What a terrific book! I loved reading The Devoted for Suzanne Woods Fisher’s excellent writing and ability to touch my heart. Amish Ruthie is thinking of leaving the community to search for something bigger and better. Dok has been there, done that, has the t-shirt… and wore it back home for a reason. Patrick the Englischer faces matters of his own mortality and wants to become Amish, serendipitously taking away time Ruthie might have with her boyfriend Luke.
The bishop watches it all unfold, shares his words of wisdom, and takes a stand when individual storing-up grows into a problem worse than the Israelites hoarding manna. I so appreciated the discussions of sufficiency and dependency woven seamlessly into a story that centers around family and community.
Fisher has a way of bringing the reader into the Amish world, so we wend through problems with the characters, connecting and loving and learning with them. I’m grateful.
This book is a collection of three novellas that center around Amish kitchens at Christmas time.
Baking Love on Ice Mountain introduced Clara, who managed to bake up a storm even while grieving … and moving on. I enjoyed this well-written story and the mountain setting, as well as the wisdom of the older people being passed down to the next generation.
The Christmas Bakery on Huckleberry Hill is by one of my most favorite authors, Jennifer Beckstrand. Beckstrand didn’t disappoint, bringing her signature silly grandparent pair Anna and Felty to Katie’s life, ready to be matchmakers once again. I loved that they maintained a sense of humor even when the wrong boy was trying to court sweet Katie – for the wrong reasons… her triple chocolate cakes!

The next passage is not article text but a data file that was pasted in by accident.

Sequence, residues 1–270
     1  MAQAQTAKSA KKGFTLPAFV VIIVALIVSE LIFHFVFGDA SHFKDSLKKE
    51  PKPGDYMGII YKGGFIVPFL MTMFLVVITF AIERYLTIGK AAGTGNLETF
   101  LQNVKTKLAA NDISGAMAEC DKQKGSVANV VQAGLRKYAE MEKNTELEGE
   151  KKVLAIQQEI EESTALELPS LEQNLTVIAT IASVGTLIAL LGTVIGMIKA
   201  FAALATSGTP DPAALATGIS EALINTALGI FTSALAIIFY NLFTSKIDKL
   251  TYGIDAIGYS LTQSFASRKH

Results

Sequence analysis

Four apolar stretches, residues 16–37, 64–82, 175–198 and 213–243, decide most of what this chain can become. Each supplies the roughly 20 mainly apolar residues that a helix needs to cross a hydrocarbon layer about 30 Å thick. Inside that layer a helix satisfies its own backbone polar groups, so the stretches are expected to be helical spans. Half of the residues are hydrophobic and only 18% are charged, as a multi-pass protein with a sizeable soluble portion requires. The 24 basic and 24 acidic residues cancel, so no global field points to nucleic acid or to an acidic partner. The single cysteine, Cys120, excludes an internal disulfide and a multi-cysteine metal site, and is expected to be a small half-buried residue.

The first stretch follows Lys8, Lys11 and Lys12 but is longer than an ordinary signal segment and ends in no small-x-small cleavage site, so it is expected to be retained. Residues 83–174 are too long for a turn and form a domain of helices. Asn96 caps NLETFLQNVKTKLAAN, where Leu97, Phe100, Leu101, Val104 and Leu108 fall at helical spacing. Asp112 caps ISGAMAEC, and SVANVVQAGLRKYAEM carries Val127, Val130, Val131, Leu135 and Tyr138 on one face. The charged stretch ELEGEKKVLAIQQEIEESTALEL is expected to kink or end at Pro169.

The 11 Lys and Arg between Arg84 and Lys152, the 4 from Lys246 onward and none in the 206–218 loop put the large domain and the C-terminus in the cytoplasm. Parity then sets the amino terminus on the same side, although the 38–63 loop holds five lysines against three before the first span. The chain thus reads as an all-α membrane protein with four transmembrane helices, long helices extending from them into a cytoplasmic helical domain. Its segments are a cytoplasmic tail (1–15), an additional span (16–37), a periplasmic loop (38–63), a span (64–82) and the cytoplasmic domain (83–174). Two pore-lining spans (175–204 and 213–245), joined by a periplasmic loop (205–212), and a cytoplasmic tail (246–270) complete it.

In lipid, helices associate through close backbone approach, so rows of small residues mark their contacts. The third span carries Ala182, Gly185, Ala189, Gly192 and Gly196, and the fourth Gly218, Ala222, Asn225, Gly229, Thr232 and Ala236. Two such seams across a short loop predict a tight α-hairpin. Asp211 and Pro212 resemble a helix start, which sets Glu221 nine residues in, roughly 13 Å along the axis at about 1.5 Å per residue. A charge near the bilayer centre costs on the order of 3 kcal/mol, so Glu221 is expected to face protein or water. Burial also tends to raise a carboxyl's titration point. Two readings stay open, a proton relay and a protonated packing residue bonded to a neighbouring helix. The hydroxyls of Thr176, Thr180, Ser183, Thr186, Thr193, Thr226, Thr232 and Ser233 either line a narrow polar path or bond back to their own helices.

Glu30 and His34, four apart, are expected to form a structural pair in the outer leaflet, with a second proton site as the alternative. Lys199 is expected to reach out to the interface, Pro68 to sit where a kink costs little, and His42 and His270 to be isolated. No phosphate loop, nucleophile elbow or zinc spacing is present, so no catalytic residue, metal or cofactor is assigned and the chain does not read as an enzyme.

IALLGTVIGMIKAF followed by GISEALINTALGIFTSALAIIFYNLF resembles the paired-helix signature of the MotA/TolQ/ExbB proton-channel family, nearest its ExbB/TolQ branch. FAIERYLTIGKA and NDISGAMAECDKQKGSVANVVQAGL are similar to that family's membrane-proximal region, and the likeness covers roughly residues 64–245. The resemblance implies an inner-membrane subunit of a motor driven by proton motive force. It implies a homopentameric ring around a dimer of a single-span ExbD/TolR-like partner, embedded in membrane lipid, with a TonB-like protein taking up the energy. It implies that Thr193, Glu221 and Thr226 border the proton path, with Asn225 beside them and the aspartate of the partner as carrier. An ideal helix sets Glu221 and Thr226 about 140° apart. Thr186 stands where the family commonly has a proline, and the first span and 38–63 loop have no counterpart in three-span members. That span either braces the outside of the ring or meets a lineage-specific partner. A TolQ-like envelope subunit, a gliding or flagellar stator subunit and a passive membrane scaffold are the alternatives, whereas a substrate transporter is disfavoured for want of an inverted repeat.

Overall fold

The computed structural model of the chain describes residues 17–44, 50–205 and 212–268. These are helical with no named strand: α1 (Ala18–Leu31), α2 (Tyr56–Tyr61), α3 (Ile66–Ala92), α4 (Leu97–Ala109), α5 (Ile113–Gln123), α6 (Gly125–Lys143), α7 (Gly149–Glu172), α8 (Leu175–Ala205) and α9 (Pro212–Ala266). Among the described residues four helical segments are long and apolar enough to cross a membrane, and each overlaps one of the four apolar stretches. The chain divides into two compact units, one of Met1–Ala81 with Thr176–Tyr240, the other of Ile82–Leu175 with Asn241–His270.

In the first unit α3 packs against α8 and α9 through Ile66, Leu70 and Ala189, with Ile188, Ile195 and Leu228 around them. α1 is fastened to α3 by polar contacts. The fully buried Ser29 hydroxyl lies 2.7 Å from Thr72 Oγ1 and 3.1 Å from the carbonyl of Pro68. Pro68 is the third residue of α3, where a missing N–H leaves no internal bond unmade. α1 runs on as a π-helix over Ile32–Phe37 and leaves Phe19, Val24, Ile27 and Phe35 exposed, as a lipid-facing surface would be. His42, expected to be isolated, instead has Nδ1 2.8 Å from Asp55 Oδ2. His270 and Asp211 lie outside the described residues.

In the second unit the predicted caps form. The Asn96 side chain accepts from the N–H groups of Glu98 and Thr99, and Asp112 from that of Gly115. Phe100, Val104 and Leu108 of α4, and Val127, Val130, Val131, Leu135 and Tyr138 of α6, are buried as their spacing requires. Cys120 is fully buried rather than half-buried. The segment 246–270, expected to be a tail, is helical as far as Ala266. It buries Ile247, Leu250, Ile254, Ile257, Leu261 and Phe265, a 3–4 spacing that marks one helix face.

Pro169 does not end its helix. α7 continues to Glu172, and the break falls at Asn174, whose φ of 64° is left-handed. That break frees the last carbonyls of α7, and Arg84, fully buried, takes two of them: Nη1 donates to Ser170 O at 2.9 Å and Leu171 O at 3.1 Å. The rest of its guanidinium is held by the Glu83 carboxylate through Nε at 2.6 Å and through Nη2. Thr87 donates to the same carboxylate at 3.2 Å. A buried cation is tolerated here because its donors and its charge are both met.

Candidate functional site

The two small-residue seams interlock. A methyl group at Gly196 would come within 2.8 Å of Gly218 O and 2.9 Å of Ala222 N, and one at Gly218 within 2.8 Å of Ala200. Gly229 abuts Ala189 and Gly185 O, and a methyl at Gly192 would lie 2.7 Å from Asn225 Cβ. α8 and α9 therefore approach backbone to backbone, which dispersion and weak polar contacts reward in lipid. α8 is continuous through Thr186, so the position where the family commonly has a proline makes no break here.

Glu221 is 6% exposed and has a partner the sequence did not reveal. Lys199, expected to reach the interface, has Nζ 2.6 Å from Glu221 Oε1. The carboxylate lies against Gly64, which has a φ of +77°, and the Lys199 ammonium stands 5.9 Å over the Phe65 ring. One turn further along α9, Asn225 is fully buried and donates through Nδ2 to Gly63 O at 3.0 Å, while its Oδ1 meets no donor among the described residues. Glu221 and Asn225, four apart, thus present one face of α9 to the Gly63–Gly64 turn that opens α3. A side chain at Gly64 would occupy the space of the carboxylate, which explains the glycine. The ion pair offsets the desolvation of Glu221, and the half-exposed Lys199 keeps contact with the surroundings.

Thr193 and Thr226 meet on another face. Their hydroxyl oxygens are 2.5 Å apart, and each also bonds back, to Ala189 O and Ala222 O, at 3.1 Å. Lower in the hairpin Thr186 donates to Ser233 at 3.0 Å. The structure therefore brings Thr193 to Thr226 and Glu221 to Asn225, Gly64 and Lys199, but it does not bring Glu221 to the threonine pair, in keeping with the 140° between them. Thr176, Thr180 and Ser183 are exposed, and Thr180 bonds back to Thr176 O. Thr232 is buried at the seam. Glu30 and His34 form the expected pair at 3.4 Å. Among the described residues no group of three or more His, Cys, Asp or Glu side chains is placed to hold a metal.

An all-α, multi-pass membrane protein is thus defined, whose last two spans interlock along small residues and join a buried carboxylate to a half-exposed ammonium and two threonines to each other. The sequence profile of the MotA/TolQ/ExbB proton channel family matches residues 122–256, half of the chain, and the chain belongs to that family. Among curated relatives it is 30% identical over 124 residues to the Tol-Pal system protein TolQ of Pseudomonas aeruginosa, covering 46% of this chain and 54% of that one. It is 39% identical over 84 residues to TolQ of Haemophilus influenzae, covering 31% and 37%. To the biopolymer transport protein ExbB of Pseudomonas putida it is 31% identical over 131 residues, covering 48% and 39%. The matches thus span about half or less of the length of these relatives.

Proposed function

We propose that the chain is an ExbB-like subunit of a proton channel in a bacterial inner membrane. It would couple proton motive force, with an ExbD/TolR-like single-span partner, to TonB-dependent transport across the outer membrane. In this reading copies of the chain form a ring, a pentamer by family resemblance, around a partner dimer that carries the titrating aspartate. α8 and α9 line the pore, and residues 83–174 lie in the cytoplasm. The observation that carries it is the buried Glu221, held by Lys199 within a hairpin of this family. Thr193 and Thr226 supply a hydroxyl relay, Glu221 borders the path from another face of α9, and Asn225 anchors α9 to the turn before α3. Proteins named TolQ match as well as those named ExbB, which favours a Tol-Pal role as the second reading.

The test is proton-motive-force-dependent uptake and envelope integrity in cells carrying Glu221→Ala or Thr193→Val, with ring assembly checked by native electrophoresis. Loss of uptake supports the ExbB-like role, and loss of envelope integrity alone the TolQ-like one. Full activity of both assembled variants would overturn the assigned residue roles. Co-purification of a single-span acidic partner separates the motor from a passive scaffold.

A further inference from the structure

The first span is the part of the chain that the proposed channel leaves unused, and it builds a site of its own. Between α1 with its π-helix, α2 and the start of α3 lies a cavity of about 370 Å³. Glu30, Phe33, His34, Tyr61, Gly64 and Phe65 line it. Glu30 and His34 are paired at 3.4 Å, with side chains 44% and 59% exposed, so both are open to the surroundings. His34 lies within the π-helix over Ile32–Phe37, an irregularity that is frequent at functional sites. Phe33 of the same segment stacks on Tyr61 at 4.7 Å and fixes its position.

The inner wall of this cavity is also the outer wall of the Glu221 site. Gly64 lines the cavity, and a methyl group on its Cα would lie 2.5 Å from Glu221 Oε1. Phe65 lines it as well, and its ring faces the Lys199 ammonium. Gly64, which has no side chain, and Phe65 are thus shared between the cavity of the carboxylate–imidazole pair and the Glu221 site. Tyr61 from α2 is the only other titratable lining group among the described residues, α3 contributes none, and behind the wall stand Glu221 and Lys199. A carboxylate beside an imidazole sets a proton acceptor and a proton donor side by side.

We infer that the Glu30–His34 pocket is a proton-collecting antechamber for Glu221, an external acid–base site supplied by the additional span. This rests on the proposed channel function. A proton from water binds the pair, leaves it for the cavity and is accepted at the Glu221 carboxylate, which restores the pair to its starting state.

The Special Christmas Cookie contained a fun twist on one of my favorite tropes – governess/nanny/tutor falls in love with guardian of a sweet child. Problem was, the writing was sloppy. Many repetitive paragraphs and pages should have been cleaned up during editing – especially when it came to telling (in addition to the already sufficient showing) how independent and strong Jonathan wanted to be.
The three authors send a common message with these novellas: loneliness can be overcome by taking a step forward. Each novella had a character that suffered loneliness because he or she was afraid to reach out. Once they could extend themselves, they found a brighter, more joyful season waiting for them.
And at the end of each novella, you’ll find a recipe waiting for YOU. 🙂